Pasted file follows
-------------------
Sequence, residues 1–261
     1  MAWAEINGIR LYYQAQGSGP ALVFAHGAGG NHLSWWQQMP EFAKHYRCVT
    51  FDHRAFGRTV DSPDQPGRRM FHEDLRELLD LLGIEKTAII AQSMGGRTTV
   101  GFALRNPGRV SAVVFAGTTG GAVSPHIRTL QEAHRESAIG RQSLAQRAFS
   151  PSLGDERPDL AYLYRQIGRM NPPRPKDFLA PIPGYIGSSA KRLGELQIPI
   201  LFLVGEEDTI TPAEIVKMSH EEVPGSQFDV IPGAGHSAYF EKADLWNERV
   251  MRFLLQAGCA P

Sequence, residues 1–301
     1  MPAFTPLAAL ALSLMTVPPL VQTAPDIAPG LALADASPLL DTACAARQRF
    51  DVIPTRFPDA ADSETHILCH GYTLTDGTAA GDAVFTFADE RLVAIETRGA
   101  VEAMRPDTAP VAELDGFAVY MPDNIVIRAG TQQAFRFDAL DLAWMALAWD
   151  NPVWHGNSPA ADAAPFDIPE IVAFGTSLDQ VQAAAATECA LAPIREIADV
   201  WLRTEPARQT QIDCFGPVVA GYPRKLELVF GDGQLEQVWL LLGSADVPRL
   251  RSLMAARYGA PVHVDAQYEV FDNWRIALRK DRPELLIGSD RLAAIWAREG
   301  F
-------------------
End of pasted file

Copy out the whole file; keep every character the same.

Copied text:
Sequence, residues 1–261
     1  MAWAEINGIR LYYQAQGSGP ALVFAHGAGG NHLSWWQQMP EFAKHYRCVT
    51  FDHRAFGRTV DSPDQPGRRM FHEDLRELLD LLGIEKTAII AQSMGGRTTV
   101  GFALRNPGRV SAVVFAGTTG GAVSPHIRTL QEAHRESAIG RQSLAQRAFS
   151  PSLGDERPDL AYLYRQIGRM NPPRPKDFLA PIPGYIGSSA KRLGELQIPI
   201  LFLVGEEDTI TPAEIVKMSH EEVPGSQFDV IPGAGHSAYF EKADLWNERV
   251  MRFLLQAGCA P

Sequence, residues 1–301
     1  MPAFTPLAAL ALSLMTVPPL VQTAPDIAPG LALADASPLL DTACAARQRF
    51  DVIPTRFPDA ADSETHILCH GYTLTDGTAA GDAVFTFADE RLVAIETRGA
   101  VEAMRPDTAP VAELDGFAVY MPDNIVIRAG TQQAFRFDAL DLAWMALAWD
   151  NPVWHGNSPA ADAAPFDIPE IVAFGTSLDQ VQAAAATECA LAPIREIADV
   201  WLRTEPARQT QIDCFGPVVA GYPRKLELVF GDGQLEQVWL LLGSADVPRL
   251  RSLMAARYGA PVHVDAQYEV FDNWRIALRK DRPELLIGSD RLAAIWAREG
   301  F